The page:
I believe that log home consumers need to be better informed. I have been involved in log home construction since the late 1970's when I was the wood products specialist for the Texas Agricultural Extension Service, Texas A&M University. There has been much improvement in the log home industry since then, but the consumer pitfalls are still plentiful. This is why I wrote a book asking the important question, "Should You Choose A Log Home?". It is available at Amazon.com. My hope is that this book will create serious discussion about the log home industry's need to become better standardized, based on reliable independent research, particularly on log drying by size and species.
My book arms the consumer with some basic knowledge about wood that every one thinking about building a log home needs. It compares lumber framed walls to those of solid log mass. For many reasons, lumber framed homes are the best choice. That's why they so greatly outsell log homes. The log home industry, after making a slight come-back in the middle to late 1970's, is still not well organized. Many companies still do not conform to established log grading rules. And, in my opinion, established rules are lacking when it comes to protecting consumers from improperly dried logs. The opposite is true for the lumber industry. There are research backed grading standards accepted by the industry as a whole. The lumber industry uses research established drying schedules for lumber up to 3 inches thick which controls defects like warping, checking, cracking, splitting and wood collapse. And, moisture gradients that occur during wood drying are well established for lumber up to 3 inches thick. Lumber grading rules clearly define lumber dried to prevent wood decay and lumber dried to a proper moisture content that prevents excessive defects associated with wood shrinking and swelling once placed into service. This type of research is lacking in the log home industry and many log home consumers learn this the hard way.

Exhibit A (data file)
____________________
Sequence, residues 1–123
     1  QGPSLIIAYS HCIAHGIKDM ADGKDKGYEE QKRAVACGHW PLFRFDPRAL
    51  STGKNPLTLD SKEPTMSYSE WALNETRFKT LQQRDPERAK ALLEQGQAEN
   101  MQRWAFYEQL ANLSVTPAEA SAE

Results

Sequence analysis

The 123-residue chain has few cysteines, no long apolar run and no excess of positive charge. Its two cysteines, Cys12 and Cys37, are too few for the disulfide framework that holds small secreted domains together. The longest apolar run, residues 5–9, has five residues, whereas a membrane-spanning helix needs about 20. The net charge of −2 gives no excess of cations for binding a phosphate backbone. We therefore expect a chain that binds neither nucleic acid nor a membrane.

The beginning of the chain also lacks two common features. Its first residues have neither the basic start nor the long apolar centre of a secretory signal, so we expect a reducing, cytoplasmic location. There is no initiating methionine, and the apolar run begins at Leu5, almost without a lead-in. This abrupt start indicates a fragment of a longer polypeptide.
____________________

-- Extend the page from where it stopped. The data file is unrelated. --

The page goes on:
Log homes require constant and expensive maintenance to keep them attractive and free from log rotting, particularly in hot, humid climates. Once again, the log home industry has done little to help consumers finish their log homes with the best finish choices. Rather, they sell finishes that consumers are attracted to because of how they look, but within a few months or years are cracking, peeling, fading, mildewing and turning dark due to repeated applications.
There is much more information provided such as log home energy efficiency, foundations, building techniques and finishing. And, I spend considerable time discussing the best wood species for logs, proper drying and finishing. I also recommend logs for the area in which consumers live and discuss laminated logs and those produced from dead standing timber. There is also information on log home history and that of lumber framing, giving advantages for using lumber framed wall construction. So, I hope my book will stir the water and cause much needed debate about whether one should build a log home.